Recursion is a form of looping, where a
Articles/Understanding Functions in Roblox|function calls itself, usually until a condition is met. Although recursion can be somewhat difficult to understand at first, it can result in much cleaner code.
One of the most common examples of recursion is an implementation of the factorial function. The code below has two sections: the base step, and the recursive step. Keep in mind that if you do not have a base step, and only a recursive step, your function will recurse endlessly, causing the stack to overflow.
The base step simply returns a value of one when n is one or zero.
Since we know that the factorial of 1 equals 1, we know that the factorial of two equals two times the factorial of one. In code,
factorial(2) == 2*factorial(1) = 2*1 = 2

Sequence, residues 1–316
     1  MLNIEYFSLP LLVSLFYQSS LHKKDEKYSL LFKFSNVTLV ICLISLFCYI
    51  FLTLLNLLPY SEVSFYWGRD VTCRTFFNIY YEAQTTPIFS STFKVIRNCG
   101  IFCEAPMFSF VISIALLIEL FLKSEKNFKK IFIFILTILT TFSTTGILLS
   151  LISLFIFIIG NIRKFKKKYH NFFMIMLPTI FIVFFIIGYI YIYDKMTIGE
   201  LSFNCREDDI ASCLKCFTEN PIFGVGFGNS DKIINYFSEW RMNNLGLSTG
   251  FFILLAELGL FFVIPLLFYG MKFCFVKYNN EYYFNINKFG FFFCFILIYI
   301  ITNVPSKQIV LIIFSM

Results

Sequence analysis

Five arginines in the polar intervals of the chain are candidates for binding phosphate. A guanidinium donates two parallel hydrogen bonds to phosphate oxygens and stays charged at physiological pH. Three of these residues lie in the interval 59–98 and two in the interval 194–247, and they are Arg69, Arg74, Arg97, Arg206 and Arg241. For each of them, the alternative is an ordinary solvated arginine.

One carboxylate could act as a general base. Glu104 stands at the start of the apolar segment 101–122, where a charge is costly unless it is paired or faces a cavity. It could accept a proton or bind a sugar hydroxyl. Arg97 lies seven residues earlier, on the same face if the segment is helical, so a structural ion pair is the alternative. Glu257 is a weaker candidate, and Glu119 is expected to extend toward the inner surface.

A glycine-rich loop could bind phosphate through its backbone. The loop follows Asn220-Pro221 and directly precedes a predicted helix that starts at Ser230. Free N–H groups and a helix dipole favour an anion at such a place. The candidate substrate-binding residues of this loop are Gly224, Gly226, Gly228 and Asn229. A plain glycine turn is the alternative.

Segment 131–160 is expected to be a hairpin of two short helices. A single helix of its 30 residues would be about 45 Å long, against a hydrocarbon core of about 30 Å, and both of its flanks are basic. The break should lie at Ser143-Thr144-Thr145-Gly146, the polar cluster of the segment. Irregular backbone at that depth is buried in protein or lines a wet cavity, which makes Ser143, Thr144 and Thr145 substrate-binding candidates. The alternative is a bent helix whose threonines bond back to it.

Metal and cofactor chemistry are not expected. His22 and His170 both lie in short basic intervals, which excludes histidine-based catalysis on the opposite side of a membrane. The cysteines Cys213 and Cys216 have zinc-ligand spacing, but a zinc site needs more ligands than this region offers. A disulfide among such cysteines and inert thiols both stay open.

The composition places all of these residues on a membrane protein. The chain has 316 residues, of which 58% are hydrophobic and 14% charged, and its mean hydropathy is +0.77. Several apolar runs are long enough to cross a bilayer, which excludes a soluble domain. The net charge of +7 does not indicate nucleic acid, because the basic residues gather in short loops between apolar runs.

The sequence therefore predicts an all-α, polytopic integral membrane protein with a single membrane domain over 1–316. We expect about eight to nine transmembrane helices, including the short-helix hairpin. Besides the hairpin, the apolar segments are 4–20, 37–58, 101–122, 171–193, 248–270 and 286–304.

It follows that the factorial of three is three times the factorial of two. In code,
factorial(3) == 3*factorial(2) = 3*2*factorial(1) = 3*2*1 = 6
Generalizing, the factorial of n is n times the factorial of n-1. In code,
factorial(n) = n*factorial(n-1)
The following code is for the factorial function:
function factorial(n) if n <= 1 then -- base case return 1 else return n * factorial(n-1) -- recursive step end end print(factorial(5))
Usage in Roblox
Inside of games, recursion can be used for several things. A basic example would be searching through
Workspace to find all of a given class (parts, models, etc.) and then doing something with them. Recursion allows you to use the function again in order to search through models, tools, etc, in case the object you are looking for is not a direct descendant. The following example attempts to find all of the parts in
Workspace, and then colors them red.
function colorAllParts(object, brickColor) if object:IsA("BasePart") then object.BrickColor = brickColor end for _, child in ipairs(object:GetChildren()) do colorAllParts(child, brickColor) end end colorAllParts(game.Workspace, BrickColor.Red())